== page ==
April 25, 2011
My wife Carolyn suggested I do a blog of the trip I am about to begin. I think most of you know that several years back Dieter Landenberger, Porsche' s head of Archives and co-director of the new museum, asked me to write their racing history for them. He reiterated his request this past summer when he and his wife Sonja came to visit us in Santa Barbara. My long-time publisher Motorbooks politely deferred on this project, worried that in the current book and financial economy, it might be too tightly focused for their audiences. David Bull in Phoenix quickly stepped in and he and I have been plotting and scheming ever since this past winter to produce what we hope will be an exceptional history of Porsche's racing.
But this is day zero, meaning tomorrow I fly to Frankfurt where I connect with long-time friend and serious Porsche enthusiast Jerry Reilly. I met Jerry 21 years ago while producing my first Porsche book, Porsche Legends. We hit it off and our friendship has grown deeper and deeper over the years. Jerry first accompanied me along on the trip in 2004 and 2005 when I researched and then wrote Porsche 911: Excellence by Design. (I also dedicated the book to him and to my late father in law.) Jerry's background is in business and each morning I'd go over the day's interview subjects with him and review the questions I had developed for each individual. Time and time again, Jerry came up with one or two or several questions that I never would have thought of, topics that grew out of a business-like approach to Porsche's design, engineering, marketing, racing. Many times, in my mind, his questions yielded the most interesting and thought-provoking answers and information of the day. He then came with me when I did Porsche 60 Years, and now, glutton for punishment that he is, he's agreed to yet another journey through Porsche's history. I already have tasked him with reviewing my daily questions and discovering the issues I missed. (There are other assignments but he doesn't know about those yet....)
If you can think of friends who love Porsches or racing and who you think might enjoy reading some of what I'm going to be learning—and passing along to you—please pass it along to them.
At some point, I'll throw (c) copyright symbols on some of what you'll read. I'd rather not read it myself on some other site or publication (and I will be grateful for your respecting that request.) But for Porsche enthusiasts and for those who enjoy sports car racing, this next month will be a journey through some very interesting history. Dieter—and Porsche—have promised me full access and exceptional cooperation. In our first four days of interviews alone, we start by talking with Peter Falk, who ran racing for more than a decade and who was so effective at it that insiders and outsiders dubbed the Porsche motorsports department "Falkland." As though it were its own nation. (Probably it was a monarchy!)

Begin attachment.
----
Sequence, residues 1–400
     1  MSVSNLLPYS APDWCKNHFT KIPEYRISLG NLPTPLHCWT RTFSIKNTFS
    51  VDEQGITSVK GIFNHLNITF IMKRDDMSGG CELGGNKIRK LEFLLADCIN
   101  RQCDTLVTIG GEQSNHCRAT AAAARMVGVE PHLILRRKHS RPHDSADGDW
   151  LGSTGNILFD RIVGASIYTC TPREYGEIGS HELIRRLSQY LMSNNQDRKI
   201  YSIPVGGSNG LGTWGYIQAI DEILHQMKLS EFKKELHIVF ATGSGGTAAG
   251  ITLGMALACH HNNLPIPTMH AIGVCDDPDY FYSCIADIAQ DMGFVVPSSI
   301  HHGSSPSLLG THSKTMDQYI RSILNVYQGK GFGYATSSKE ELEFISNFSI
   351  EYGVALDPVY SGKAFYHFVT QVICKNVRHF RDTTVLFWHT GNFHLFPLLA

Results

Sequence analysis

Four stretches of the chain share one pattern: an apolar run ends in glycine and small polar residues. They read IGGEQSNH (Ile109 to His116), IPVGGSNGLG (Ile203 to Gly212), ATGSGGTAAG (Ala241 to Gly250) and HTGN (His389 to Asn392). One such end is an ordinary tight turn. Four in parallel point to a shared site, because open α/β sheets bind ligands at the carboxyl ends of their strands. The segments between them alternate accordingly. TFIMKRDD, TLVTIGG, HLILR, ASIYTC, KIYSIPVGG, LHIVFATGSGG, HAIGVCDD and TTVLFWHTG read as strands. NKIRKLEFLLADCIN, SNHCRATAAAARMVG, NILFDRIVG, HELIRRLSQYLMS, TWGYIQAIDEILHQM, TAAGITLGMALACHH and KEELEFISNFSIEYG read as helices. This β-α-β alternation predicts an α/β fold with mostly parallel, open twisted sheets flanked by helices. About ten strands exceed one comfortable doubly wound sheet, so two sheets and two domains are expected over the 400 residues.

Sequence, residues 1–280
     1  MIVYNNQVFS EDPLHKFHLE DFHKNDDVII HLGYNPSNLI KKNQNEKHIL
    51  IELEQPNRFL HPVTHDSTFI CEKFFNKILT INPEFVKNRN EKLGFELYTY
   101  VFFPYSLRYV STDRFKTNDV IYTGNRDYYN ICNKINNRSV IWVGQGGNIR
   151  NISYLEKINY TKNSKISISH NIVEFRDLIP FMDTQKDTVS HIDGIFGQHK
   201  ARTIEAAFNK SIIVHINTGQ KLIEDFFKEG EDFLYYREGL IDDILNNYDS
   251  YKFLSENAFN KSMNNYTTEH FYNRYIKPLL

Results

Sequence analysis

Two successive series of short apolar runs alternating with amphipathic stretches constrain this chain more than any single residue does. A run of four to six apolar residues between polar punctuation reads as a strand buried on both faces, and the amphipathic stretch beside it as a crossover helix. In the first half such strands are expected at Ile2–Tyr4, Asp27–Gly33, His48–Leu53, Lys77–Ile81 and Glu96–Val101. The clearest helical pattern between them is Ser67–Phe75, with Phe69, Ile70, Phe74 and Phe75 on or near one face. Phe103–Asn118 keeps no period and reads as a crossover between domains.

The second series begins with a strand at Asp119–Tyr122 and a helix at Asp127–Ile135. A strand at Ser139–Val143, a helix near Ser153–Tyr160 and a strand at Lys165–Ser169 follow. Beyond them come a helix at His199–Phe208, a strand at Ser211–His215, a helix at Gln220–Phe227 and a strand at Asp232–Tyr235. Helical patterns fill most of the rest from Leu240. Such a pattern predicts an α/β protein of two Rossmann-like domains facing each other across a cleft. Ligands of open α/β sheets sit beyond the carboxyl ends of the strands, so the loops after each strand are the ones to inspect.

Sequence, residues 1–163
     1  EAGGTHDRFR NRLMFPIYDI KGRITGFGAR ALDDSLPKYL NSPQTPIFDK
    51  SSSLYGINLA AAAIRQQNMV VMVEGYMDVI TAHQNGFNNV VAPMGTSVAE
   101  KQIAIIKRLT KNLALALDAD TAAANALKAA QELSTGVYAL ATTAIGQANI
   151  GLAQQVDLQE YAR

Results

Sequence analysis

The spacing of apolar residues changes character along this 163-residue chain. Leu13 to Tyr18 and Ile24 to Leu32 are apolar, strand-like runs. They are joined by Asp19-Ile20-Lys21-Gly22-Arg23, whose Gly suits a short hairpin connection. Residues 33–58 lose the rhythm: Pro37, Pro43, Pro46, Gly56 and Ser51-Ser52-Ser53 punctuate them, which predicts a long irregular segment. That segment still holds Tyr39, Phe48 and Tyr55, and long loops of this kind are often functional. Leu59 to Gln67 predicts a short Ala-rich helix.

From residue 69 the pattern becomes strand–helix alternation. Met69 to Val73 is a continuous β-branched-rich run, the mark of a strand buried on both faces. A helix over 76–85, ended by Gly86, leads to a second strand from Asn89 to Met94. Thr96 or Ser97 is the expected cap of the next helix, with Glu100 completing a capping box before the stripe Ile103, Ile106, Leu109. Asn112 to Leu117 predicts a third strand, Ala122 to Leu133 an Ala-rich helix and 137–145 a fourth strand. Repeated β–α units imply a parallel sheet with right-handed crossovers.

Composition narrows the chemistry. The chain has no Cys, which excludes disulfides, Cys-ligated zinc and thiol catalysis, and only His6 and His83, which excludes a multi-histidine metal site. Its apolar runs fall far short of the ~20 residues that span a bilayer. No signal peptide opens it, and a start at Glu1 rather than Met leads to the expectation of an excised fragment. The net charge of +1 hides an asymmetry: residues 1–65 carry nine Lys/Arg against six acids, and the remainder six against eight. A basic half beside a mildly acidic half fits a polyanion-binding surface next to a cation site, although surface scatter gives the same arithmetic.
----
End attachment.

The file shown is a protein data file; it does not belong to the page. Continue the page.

Porsche was the first company to successfully turbocharge its race cars and a few hours after spending time with Falk, we'll talk to turbo "inventor" Valentin Schaeffer (perhaps we more accurately should call him Turbo Tamer.)
The next day we meet Klaus Bischof, who started his career at Porsche as a racing mechanic (and was at Le Mans the first year the 917s won!). After returning to school and earning his engineering degree, he came back to Porsche as a racing engineer who helped steer a number of projects into winner circles. That same day we meet again with Herbert Ampferer, who worked with Schaeffer on turbocharging, but also helped develop Formula 1 cars, and endurance racers; Ampferer was one of my most favorite interviews from the 60 Years project. The man simply did everythjing. That day we conclude with Walter Rohrl. Walter sometimes is known as Wild Man Walter. He is arguably one of Porsche's fastest and most capable racers who has served as development engineer on a number of extraordinary cars and who has run—and won—more races than I can count. He is regularly the driver the factory calls on to set new lap records with new models at German's legendary Nurburgring circuit. A ride with him would be a thrill, but that's unlikely to happen. I think hearing his stories should come close.
The next day is all racers, all legends, Kurt Ahrens, Hans Herrmann, and Herbert Linge. Between them, they have more than 100 years combined experience racing Porsches into the victory circle. I've met and talked to Herrmann and Linge before; they are great story tellers.
The next day...well, you'll just have to wait for that. And then there are 24 more days after that. I return to Santa Barbara on May 22. I am guessing it might take me a while to come back to earth even after the plane lands.
I'm going to be recording each of these interviews. We have the idea of doing not only a print edition but also an e-book and David Bull and I have been bouncing ideas around that include excerpts of these individuals—in their own voices—telling their stories. We'll see how it works.
Oh yeah, pictures. Well, just wait and see. So to speak. This book promises to be not only a reader's delight but a visual feast as well. I already have worked with Porsche Archive's Jens Torner, and I've heard he has entire new collections just waiting for me to see.
I'll try to keep you posted every day or so. In the meanwhile, as my friend Pete Biro says, "Stay tuned."